Calder Watches Workmen Raise M.I.T.'s 'Stabile'

Before a crowd of incredulous students, Alexander Calder, the American sculptor famous for his mobiles, supervised the first stages in the assembly of a 40-foot-high "stabile" (fixed mobile) at M.I.T. yesterday.

The 33-ton steel sculpture, when completed in three days, will look like a cluster of black sails, but it represents nothing in particular. "I just built it," Calder said.

Calder seemed to be enjoying the flurry he was creating as he shook hands and consulted with the workmen. On top of his bushy white hair, he sported a Turner Construction Company hardhat. Under his overcoat was a magenia silk ascot.

When someone asked the massively-built old artist what he had designed before creating M.I.T.'s big sculpture he laconically replied, "small ones," and burst into gales of laughter.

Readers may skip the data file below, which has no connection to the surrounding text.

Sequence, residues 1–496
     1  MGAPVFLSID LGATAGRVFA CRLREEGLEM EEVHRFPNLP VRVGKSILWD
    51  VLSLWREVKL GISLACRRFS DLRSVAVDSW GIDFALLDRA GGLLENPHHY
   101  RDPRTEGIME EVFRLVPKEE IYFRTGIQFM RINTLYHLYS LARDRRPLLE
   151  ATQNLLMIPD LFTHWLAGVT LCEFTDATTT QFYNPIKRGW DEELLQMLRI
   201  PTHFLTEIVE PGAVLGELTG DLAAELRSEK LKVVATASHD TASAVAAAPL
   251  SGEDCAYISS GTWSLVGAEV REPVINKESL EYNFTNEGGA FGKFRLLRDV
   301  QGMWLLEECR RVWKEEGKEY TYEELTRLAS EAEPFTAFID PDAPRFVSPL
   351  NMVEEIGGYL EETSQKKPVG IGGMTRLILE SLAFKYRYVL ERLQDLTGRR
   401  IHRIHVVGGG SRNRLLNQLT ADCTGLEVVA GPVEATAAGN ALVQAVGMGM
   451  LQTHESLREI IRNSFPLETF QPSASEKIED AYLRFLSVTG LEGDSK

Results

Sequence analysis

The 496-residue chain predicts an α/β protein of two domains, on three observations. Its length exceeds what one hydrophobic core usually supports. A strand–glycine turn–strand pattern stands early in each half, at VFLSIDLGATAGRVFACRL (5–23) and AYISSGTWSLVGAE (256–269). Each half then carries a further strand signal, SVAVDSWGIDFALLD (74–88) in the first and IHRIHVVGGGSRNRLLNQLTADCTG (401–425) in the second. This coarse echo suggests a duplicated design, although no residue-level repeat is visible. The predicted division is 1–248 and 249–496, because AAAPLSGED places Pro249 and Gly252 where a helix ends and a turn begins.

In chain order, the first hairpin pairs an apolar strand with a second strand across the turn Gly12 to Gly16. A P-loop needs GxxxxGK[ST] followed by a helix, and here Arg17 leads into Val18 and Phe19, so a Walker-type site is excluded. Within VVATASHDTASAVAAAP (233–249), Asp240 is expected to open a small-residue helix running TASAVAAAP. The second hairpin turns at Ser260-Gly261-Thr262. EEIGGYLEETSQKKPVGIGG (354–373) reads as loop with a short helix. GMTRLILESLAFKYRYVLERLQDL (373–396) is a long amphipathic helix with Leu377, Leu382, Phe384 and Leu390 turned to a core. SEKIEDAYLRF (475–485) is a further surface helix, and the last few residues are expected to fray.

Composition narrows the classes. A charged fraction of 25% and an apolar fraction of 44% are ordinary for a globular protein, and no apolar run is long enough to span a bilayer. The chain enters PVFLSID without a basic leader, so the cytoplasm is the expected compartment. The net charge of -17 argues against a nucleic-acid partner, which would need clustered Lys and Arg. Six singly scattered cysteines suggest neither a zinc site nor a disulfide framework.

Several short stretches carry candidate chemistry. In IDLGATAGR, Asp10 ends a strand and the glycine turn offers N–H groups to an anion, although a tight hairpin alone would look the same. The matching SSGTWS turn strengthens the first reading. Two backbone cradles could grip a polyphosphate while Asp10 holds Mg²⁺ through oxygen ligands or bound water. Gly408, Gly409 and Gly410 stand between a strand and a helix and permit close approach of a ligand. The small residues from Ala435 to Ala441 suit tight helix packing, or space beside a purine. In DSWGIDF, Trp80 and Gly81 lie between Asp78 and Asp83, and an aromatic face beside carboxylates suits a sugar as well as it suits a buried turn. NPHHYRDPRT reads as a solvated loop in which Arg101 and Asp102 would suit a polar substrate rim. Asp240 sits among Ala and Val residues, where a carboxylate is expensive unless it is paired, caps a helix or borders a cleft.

Construction workers are using a 60-foot crane to lower the 35 plates of the spikey structure into place. Three thousand pounds of nuts and bolts will hold the pieces together.

The French technician who helped Calder cast the plates in France estimated the cost of the sculpture at 15 to 20 million old francs. "In dollars zat ees.." he began, and then gave up computing. Someone else said that the huge object d'art probably cost around $ 40,000.

M.L.T. students were not impressed.

One architecture major suggested painting the sculpture purple. An entrepreneur-type offered to trade the sculpture for the statue of John Harvard in front of University Hall.